Non-woven fabric is a flat textile product that is formed without spinning and weaving. It consists of short-staple fibers and long-filament fibers that are randomly arranged into a loose web or mat before being bonded together by mechanical, thermal, or chemical processes. This type of textile has several advantages over traditional fabrics: it does not generate lint and is strong and breathable. It is also cheap and easy to form. Polypropylene, polyester, and viscose (rayon) are the most common raw materials for this type of fabric.
It is possible to create non-woven fabrics from various kinds of raw materials, such as polymers, plastics, natural fibers, and other plant raw materials. Moreover, it is possible to combine these fabrics with other materials. The result can be a product with specific functionalities, such as water repellency and flame retardancy.
The production of non-woven fabrics can be divided into two categories: air-laid and wet-laid. The first one is created by using a carding machine, which is used to comb the fibers into a web and align them in the direction of the machine. The other way of creating this product is bypassing the raw fibers into a bin with melted thermoplastic polymer and combining them through mechanical or thermal bonding.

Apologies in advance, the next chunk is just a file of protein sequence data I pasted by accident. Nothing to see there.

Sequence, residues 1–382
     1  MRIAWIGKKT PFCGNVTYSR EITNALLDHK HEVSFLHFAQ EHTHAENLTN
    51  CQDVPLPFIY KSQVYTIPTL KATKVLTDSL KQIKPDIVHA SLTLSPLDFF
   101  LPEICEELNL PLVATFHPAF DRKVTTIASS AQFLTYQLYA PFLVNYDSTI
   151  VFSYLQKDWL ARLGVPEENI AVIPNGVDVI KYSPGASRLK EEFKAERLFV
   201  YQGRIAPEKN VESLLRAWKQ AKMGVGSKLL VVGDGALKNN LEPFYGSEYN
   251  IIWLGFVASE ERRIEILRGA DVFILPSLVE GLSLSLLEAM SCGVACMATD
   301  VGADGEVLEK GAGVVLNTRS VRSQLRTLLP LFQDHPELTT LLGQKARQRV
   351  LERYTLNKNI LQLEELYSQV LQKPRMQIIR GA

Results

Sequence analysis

Most non-woven fabrics are disposable, but some can be laundered and reused for a few more uses. For example, polypropylene spunbonds are often used to make reusable shopping bags. Non-woven materials are also incorporated into a variety of consumer durable goods, such as dryer sheets and wet wipes. These products are also used in industrial applications, such as bag liners and shoe bags.
Many kinds of non-woven fabrics are used in the manufacture of automobiles. These include linings for the doors, boot and hoodcase, as well as seat construction. All of these fabrics must be able to meet specific requirements, including high temperature resistance and fogging prevention.
In addition, the use of these textiles in cars must be considered carefully, since they are very likely to have a significant effect on Indoor Environmental Quality (IEQ). Specifically, the IEQ metrics that could be affected by these materials are sound control, glare reduction and humidity regulation.
Generally, non-wovens have a positive impact on IEQ. Whether they are used as upholstery coverings, floor and wall coverings, or as filters of HVAC systems, they reduce the levels of pollutants and volatile organic compounds (VOCs) in the air. They also help to sculpt light and dampen the noise level in a room. However, there are still some issues to consider, such as their ability to collect dust and the need for regular cleaning. It is therefore important to perform more research into the specific effects of different types of non-wovens on the six basic metrics of IEQ. Fortunately, the research has already begun and will continue in the future. The main goal of the research is to determine which characteristics and conditions are most important for ensuring that non-wovens have an optimal influence on IEQ.